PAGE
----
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PyBites Twitter Digest - Issue 38, 2018

Posted by PyBites on Sun 09 December 2018 in Digest • Tagged with twitter, news, pybites, tips, patterns, SciPy, arithmetic, concurrency, APIs, decorators, LambStatus, Loguru, logging, Twilio, serverless, deep learning, AWS, Lambda, DynamoDB • 2 min read

Every weekend we share a curated list of 15 cool things (mostly Python) that we found / tweeted throughout the week.


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PyBites Twitter Digest - Issue 37, 2018

Posted by PyBites on Sun 02 December 2018 in Digest • Tagged with twitter, news, pybites, motivation, musicology, music21, TinyDB, CLI, data science, books, SQL, Git, AWS, Lambda, API Gateway, serverless • 3 min read

Every weekend we share a curated list of 15 cool things (mostly Python) that we found / tweeted throughout the week.


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3 Cool Things You Can do With the dateutil Module

Posted by Bob on Fri 30 November 2018 in Modules • Tagged with dateutil, parse, relativedelta, rrule, fuzzy parser, datetime, timedelta, 100DaysOfCode • 3 min read

In this short article I will show you how to use dateutil's parse, relativedelta and rrule to make it easier to work with datetimes in Python.


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How to Test Your Django App with Selenium and pytest

Posted by Bob on Thu 22 November 2018 in Testing • Tagged with django, pytest, selenium, platform, fixtures, dateutil • 8 min read

In this article I will show you how to test a Django app with pytest and Selenium. We will test our CodeChalleng.es platform comparing the logged out homepage vs the logged in dashboard. We will navigate the DOM matching elements and more. Overall you should learn enough Selenium and pytest to start testing a web page including a login. Sounds exciting? Let's dive straight in!


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PyBites Twitter Digest - Issue 36, 2018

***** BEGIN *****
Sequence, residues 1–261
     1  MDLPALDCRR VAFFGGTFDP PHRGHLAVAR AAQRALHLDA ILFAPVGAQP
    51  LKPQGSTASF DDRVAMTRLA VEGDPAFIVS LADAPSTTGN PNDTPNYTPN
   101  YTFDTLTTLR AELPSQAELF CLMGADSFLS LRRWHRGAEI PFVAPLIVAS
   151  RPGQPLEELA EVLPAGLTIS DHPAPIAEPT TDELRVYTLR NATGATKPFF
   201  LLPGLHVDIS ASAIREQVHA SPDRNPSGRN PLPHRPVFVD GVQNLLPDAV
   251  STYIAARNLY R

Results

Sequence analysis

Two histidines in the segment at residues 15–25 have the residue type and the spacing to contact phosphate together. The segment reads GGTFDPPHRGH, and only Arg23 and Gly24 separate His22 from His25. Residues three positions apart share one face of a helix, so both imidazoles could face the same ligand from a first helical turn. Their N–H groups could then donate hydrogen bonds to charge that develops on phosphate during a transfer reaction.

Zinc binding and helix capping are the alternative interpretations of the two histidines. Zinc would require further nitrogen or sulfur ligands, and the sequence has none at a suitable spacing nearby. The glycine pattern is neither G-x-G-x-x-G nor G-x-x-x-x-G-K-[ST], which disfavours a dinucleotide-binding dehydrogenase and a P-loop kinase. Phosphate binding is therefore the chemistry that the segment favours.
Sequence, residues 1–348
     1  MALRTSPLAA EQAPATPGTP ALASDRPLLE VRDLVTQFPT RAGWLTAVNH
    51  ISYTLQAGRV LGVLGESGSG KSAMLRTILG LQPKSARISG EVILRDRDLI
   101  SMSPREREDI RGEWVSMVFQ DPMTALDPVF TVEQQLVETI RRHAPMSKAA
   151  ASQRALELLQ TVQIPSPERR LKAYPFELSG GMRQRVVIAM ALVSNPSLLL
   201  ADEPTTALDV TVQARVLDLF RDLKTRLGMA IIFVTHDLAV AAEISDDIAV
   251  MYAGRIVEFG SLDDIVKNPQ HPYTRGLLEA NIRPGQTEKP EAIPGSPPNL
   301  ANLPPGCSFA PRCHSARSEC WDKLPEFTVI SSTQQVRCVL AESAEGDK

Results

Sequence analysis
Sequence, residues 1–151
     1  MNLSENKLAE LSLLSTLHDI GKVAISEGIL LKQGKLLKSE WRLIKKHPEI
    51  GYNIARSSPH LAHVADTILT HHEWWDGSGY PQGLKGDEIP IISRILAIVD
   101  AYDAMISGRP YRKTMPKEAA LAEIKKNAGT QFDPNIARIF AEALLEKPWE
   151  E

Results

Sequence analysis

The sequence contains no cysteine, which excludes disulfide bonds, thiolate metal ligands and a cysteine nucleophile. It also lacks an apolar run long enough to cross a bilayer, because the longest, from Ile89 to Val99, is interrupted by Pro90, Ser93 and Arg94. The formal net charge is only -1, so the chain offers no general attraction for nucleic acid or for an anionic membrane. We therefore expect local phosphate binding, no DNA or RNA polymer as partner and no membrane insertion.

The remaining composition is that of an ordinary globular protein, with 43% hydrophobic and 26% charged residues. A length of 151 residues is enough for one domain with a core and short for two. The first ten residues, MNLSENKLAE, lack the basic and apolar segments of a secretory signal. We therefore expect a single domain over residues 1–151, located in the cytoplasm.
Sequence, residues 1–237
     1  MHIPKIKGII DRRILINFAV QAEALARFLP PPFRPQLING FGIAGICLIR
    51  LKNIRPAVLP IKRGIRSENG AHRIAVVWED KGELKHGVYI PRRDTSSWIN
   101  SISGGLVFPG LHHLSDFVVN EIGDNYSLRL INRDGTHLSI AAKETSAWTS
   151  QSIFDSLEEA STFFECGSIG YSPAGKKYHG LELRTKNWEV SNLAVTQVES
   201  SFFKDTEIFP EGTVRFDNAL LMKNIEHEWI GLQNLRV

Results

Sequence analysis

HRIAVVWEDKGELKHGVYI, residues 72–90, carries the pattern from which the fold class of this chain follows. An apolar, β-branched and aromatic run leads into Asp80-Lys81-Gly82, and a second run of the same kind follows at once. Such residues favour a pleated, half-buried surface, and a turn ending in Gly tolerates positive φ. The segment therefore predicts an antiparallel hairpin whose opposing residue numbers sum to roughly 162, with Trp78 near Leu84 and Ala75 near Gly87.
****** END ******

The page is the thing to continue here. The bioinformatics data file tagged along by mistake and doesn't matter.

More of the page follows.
Posted by PyBites on Sun 18 November 2018 in Digest • Tagged with twitter, news, pybites, Github, TensorFlow, Anaconda, Google, courses, frameworks, Django, Flask, PSF, pycon, dictionaries, JSON, OpenCV, YOLO, packaging, CLI • 3 min read

Every weekend we share a curated list of 15 cool things (mostly Python) that we found / tweeted throughout the week.


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Automating PyBites Review Post Using Github API and collections.defaultdict

Posted by Bob on Tue 13 November 2018 in Data • Tagged with collections, defaultdict, re, regular expressions, requests, challenges, review post, parsing, string manipulation, github, API • 4 min read

In this post I share a quick script I produced last week to automate a portion of our review post. There are some nice idioms that you might find useful.


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Code Challenge 58 - Analyze Podcast Transcripts with NLTK - Part I

Posted by PyBites on Fri 09 November 2018 in Challenge • Tagged with code challenge, challenges, NLTK, podcast, text parsing, data mining, data science • 2 min read

Hi Pythonistas, Welcome to Pybites Code Challenge 58! In this two part challenge we're going to do some natural language processing on podcast transcript data. Prepare to have fun expanding your data science skills!


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Code Challenge 57 - Analyze Olympic Games Data With Pandas - Review

Posted by PyBites on Fri 09 November 2018 in Challenges • Tagged with code challenge, challenges, Kaggle, Pandas, Olympic Games, matplotlib, Anaconda, Jupyter, csv, Seaborn, Plotly, statistics, SequenceMatcher, Counter, API, IP address, database, JSON, reddit, PRAW, PyQt5, GUI, git • 3 min read

In this article we review last week's Analyze Olympic Games Data With Pandas code challenge.


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PyBites Twitter Digest - Issue 35, 2018

Posted by PyBites on Sun 04 November 2018 in Digest • Tagged with twitter, news, pybites, Git, roguelike, machine learning, JSON, tutorial, linear regression, Github, PSF, pygame, Flask, Super Potato Bruh, Neuron, Unix, comics • 2 min read

Every weekend we share a curated list of 15 cool things (mostly Python) that we found / tweeted throughout the week.


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Code Challenge 57 - Analyze Olympic Games Data With Pandas

Posted by Andrea Mammoliti on Tue 30 October 2018 in Challenge • Tagged with code challenge, challenges, Kaggle, Pandas, Olympic Games, matplotlib, Anaconda, Jupyter, csv, Seaborn, Plotly, statistics • 2 min read

Hey Pythonistas, a new week, a new Python code challenge! This week you can use Python, Pandas and all the libraries you need to analyze the data of Olympic Games and find out interesting things and present them to everyone with Matpolib, Seaborn and/or Plotly.


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